Embossed stainless sheet, 0.010" alloy that won't loose it's shape to ~1500deg F.
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    Default Embossed stainless sheet, 0.010" alloy that won't loose it's shape to ~1500deg F.

    I was speaking with a gasket manufacturer years back about having them make us some gaskets for an automotive application (exhaust system), where temps would regularly be around 1200-1500deg F.

    They told me that doing multi layer sheets with an embossed ring in 3xx grade stainless would be useless, as they embossment would flatten out immediately upon use.

    They recommended a different grade that was commonly available.... anyone have any experience with this? I've been looking at high temp spring steels but have only come up with exotic materials that would be hard or cost prohibitive to come by.

    Thanks in advance!

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    I think you're in Inconel 718 territory...

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    Hmmm... I wonder what the OEM's are using. Steel is what you'll run into 99% of the time at the cylinder head/manifold gasket. The embossment is still there when you pull them off.

    Do you think GM is using inconel sheet on a Chevy Malibu?

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    But head to manifold should never get to 1500F. That's what you specced, so why I suggested 718. If this isn't a racing situation, then something like a 321 SS should work.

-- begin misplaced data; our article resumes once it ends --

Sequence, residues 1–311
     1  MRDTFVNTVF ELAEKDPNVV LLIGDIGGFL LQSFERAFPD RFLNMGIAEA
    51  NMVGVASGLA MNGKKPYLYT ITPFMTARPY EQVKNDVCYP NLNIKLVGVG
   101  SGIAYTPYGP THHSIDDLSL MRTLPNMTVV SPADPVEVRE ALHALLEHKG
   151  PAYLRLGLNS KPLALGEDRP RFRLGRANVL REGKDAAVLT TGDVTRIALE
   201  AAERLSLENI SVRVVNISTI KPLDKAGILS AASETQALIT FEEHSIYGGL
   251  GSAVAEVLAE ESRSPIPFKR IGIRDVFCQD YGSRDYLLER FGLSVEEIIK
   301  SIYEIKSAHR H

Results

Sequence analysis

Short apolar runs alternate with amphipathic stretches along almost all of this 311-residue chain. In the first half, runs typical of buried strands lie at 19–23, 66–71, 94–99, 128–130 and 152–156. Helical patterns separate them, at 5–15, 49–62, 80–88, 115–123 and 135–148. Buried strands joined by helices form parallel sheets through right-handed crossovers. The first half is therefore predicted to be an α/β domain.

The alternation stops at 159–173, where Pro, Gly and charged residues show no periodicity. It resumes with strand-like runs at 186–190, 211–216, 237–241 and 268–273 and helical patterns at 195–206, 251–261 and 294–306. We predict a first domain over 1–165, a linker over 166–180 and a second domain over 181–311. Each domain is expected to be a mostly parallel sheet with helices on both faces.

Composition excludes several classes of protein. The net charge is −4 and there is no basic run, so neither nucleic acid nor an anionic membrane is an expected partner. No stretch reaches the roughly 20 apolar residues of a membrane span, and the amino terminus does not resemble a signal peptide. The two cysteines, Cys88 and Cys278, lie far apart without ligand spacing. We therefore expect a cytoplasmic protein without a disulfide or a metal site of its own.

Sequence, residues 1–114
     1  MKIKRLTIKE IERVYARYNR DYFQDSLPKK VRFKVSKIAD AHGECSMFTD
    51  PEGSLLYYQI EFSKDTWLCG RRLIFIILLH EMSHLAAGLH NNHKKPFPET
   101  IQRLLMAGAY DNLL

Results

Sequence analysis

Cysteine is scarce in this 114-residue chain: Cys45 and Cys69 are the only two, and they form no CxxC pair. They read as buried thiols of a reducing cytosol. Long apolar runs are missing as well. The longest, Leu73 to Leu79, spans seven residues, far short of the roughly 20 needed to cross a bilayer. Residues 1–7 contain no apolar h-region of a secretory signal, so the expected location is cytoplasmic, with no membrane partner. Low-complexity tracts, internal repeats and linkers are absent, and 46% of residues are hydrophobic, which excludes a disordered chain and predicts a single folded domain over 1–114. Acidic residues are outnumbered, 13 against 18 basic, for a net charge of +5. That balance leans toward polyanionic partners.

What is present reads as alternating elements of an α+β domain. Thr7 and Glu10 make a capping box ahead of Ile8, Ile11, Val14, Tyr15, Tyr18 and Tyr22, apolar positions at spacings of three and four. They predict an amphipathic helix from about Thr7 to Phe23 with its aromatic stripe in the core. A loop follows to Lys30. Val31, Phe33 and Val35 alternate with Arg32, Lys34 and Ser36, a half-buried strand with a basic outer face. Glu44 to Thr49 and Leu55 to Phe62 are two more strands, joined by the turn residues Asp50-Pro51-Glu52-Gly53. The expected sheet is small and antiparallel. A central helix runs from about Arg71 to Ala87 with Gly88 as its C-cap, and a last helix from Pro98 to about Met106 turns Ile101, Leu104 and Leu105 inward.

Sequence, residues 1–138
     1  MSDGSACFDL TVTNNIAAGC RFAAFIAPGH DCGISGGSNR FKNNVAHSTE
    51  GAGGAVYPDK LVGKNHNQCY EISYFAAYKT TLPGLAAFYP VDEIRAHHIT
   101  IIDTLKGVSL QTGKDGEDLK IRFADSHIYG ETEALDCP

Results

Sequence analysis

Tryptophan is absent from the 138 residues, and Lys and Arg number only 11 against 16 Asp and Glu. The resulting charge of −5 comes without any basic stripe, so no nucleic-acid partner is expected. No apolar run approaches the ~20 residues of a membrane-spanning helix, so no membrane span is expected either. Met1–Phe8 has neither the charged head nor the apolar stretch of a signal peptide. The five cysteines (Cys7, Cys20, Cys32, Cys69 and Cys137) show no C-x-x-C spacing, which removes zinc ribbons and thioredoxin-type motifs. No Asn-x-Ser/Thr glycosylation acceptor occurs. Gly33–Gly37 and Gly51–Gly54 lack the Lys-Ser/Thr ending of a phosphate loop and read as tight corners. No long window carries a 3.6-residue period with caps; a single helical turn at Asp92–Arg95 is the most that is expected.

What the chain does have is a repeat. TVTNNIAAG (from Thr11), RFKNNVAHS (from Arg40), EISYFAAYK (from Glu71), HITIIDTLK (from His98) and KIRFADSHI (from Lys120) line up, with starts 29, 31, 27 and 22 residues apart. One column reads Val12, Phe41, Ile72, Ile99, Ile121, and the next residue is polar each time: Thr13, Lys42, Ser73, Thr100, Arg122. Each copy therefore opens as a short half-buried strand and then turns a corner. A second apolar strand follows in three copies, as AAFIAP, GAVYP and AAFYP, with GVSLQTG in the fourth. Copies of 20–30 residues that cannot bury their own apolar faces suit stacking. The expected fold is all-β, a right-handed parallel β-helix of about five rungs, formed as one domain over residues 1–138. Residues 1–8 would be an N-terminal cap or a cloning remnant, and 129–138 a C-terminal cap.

I don't know know the exact numbers, but the quenching done by the water cooling of the head should keep the head/manifold interface to under 1000F at the hottest. looking at dyno runs of racing engine headers, the glow from the pipes indicates temps up to 2000F or beyond.

    Red heat - Wikipedia

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    Hi Milland,

    Thanks for the response! My application will sit at the entrance of the catalytic converter, so we won't see any of the cooling like you do at the head/manifold with the water jackets inside the castings. The cat temps will run slightly hotter than the exhaust temps going into the thing due to the exothermic reaction going on. But with the airflow in that area, I'd guestimate we will be up to 1500deg if the engine is being pegged near redline.

    Hoping to spec whatever material the OE's are using. I am typically seeing steel and/or graphite at these connections.
    Anyone?

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    Graphite will burn at those temps in the presence of oxygen, but if protected with a sealed overlay of stainless may be OK.

    "When exposed to air, graphite burns at a temperature of 400°C, and the reaction can become self-sustaining at 550°C"

    The Nuclear Green Revolution: Does Nuclear Grade Graphite Burn?

    I'd still suggest checking out 321 Stainless for your application.

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    Thank you Milland for your insight.

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    catalytic converter cases are 409 ss


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